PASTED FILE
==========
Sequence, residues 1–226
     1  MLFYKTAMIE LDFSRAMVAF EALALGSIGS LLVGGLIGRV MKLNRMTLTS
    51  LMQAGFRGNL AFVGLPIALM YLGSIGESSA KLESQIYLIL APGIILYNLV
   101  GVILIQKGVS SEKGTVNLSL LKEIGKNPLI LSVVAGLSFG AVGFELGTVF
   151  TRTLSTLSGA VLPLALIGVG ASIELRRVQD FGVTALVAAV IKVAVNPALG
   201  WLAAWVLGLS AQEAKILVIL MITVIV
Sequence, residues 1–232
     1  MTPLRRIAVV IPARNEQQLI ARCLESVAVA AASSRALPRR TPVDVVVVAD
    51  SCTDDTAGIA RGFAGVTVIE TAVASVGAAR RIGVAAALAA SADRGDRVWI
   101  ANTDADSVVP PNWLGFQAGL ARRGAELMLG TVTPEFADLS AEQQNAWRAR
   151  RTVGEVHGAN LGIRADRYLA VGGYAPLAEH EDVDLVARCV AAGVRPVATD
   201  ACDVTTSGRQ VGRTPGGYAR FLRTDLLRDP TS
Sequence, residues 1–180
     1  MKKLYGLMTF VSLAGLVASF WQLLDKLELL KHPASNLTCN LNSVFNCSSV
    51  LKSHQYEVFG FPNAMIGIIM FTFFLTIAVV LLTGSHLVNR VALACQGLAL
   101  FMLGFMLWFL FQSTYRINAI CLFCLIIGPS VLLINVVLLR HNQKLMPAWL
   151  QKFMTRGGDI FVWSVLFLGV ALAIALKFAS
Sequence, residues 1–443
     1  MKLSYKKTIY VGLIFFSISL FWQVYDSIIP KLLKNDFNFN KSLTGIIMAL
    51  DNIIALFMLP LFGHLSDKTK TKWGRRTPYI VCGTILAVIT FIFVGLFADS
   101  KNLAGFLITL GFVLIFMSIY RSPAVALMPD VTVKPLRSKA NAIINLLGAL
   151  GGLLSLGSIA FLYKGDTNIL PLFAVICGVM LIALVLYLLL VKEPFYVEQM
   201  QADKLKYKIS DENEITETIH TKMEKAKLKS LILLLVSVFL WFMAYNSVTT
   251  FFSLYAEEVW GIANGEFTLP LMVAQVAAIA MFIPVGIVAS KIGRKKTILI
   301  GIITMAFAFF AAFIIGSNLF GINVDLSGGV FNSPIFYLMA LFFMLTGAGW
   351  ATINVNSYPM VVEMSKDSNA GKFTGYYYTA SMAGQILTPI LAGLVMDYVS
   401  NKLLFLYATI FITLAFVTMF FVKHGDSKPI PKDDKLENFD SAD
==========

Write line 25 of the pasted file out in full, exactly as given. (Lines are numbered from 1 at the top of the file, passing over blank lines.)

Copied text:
   301  GIITMAFAFF AAFIIGSNLF GINVDLSGGV FNSPIFYLMA LFFMLTGAGW